Special to CSMS Magazine
Because job seekers generally agonize over the question of how to write a cover letter, their result is most of the time a weak intro badly lacked the punchier opening needed to capture the interest of the reader on the receiving end. Experts agree that while looking for that professional job to make that makes one’s dream come true, it is crucial to stay away from common cover letter traps. Tighten the writing approach to land that job reveals to be the most effective strategy to securing it. Generic cover letters usually start this way: “To whom it may concern” or “Dear Sir or Madam,” followed by, “I saw your ad in the newspaper and I would like to apply for the open position. My résumé is enclosed and I will wait to hear from you.”
This pities the reader who receives hundreds of generically written cover letters like these mentioned above. Generic cover letters send a wrong signal to the employer. It shows signs that you are doing a mass mailing and will take any job. If you are guilty of this practice, it’s important to realize you also are sending the wrong message. Prospective employers must be convinced that you want to work at their company and fill their specific job. No two cover letters should ever be the same.Great cover letter should always answer these three questions: .
What can you do for the company?* Why do you want to work for them?* Why are you qualified for the position? “The cover letter is the most important illustration of your communication skills when you are not meeting someone in person,” said Lois Levy, an executive development consultant in Lake Worth. “It must grab the reader’s attention and immediately separate you from the crowd.”Levy said that the opening paragraph of the cover letter tells the reader why you are writing and why you are the best person for the job. For example, instead of saying, “Please consider me for your sales representative,” try: “Your need for a top-performing sales representative is an excellent match to my three-year history as a No. 1-ranked, multimillion-dollar producer.””The second paragraph should mirror the words used in the ad or in the posting and include any of the distinctive words you used in your résumé summary,” said Levy.
An example of this strategy is using the “Your Specific Needs/My Related Skills” header. Make sure to include things such as your communications skills and computer background and proficiency.The closing paragraph should include your intention to follow up, rather than saying you’ll wait for a call – a call that will probably never come.Since job seekers frequently struggle with the question of how to write a cover letter, their result often is a feeble introduction lacking punch and failing to grab the reader’s interest. A real error is using sample letters found in self-help books. Use the letters in books as models, but always use your own words and style.
Imagine the recruiter or hiring manager receiving the exact same letter from a multitude of applicants.”An interesting cover letter signals that you took the time to write it, and is a showcase of your written communications style,” said Debra Laster, director of employee relations at the Solid Waste Authority in West Palm Beach. “It also is more personal and serves as a window of your career history as it specifically applies to the position.”Even if you are a recent graduate or a student looking for a part-time job, a letter with your résumé will make you stand out. If you are short on experience, emphasize your teamwork, responsibility and ability to follow directions, and how some of the courses you have taken will relate to the position.You can also grab attention by using numbers or qualifiers.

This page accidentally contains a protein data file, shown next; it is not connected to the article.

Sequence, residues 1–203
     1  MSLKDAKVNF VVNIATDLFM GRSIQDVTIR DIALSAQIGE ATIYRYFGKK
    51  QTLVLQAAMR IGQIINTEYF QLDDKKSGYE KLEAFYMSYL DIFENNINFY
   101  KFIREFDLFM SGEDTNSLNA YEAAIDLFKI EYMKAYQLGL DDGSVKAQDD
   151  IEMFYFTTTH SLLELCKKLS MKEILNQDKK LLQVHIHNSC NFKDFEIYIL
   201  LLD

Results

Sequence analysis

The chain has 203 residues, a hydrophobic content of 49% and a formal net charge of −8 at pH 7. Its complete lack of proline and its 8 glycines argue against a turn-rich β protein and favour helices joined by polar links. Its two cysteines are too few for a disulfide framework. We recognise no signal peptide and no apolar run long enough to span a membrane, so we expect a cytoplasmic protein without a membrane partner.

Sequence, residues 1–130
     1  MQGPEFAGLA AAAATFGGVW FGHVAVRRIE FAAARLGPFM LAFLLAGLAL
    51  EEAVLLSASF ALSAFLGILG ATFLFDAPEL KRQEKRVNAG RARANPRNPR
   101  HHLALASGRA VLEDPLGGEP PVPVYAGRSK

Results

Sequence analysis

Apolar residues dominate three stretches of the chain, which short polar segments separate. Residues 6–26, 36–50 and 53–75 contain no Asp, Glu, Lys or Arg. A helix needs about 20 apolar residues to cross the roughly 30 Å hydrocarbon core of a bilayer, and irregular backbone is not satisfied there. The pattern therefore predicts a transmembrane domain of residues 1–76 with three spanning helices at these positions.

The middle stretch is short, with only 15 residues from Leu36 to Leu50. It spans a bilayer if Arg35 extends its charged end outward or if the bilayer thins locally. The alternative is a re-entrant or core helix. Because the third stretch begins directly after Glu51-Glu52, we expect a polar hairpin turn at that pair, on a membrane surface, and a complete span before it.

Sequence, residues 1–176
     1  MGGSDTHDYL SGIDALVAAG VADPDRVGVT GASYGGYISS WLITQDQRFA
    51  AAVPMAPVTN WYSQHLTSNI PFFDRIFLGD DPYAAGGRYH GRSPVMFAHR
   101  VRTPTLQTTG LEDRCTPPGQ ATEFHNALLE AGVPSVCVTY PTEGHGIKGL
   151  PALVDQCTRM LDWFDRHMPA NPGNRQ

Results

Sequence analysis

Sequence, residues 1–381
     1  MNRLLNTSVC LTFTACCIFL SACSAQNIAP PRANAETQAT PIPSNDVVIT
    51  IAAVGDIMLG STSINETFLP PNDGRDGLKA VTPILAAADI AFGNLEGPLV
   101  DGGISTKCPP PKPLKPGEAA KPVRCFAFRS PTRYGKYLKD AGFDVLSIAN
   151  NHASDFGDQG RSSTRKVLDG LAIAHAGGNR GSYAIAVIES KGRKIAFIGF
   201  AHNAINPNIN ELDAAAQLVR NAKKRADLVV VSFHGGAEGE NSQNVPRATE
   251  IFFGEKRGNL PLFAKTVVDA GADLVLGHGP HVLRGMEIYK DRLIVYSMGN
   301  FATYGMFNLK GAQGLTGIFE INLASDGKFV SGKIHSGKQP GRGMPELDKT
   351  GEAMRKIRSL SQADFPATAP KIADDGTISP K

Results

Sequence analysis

A brief statement or bullet point about the number of employees you managed or customers you served, or cash responsibilities you held, can make the difference.”Keep cover letters brief and emphasize how you will add value to their company,” said Gina Hall, managing consultant for Drake Beam Morin in Orlando and Boca Raton. “Eliminate the “I’s’ and articulate clearly what you believe would connect with the mind of the reader.”Hall also suggests using bullet points to make the cover letter easier to read. When hiring managers have hundreds of documents waiting for them on their desks, they appreciate brevity.
Cover letters must always accompany a résumé whether you are sending it by fax, e-mail, or delivering it in person. A faxed cover page is not a substitute. Put the cover letter in the message of the e-mail rather than as an attachment. Write very brief cover letters in the message of an e-mail. Follow up with a hard copy whenever possible.Finally, double check to make certain that the cover letter:* Is free of errors* Uses key words* Includes meaningful information different from your résumé* Is addressed to the right person, not, “To whom it may concern”* Supports how you meet the specific needs of the employer* Ends with an action step outlining your follow upPowerful cover letters establish rapport, and that familiarity could help you land the job of your dreams.
Note: Elizabeth Krushmer, a marketing consultant, lives and works in Saint Augustine, Florida. She wrote this piece exclusively for CSMS Magazine.